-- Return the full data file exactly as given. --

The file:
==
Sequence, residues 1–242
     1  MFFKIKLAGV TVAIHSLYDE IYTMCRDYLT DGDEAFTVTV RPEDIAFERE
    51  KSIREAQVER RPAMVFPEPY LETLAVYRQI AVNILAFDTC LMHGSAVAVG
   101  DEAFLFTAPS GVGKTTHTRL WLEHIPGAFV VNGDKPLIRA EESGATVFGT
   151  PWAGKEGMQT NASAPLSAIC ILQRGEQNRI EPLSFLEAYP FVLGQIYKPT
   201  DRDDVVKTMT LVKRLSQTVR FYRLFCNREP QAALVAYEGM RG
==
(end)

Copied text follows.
Sequence, residues 1–242
     1  MFFKIKLAGV TVAIHSLYDE IYTMCRDYLT DGDEAFTVTV RPEDIAFERE
    51  KSIREAQVER RPAMVFPEPY LETLAVYRQI AVNILAFDTC LMHGSAVAVG
   101  DEAFLFTAPS GVGKTTHTRL WLEHIPGAFV VNGDKPLIRA EESGATVFGT
   151  PWAGKEGMQT NASAPLSAIC ILQRGEQNRI EPLSFLEAYP FVLGQIYKPT
   201  DRDDVVKTMT LVKRLSQTVR FYRLFCNREP QAALVAYEGM RG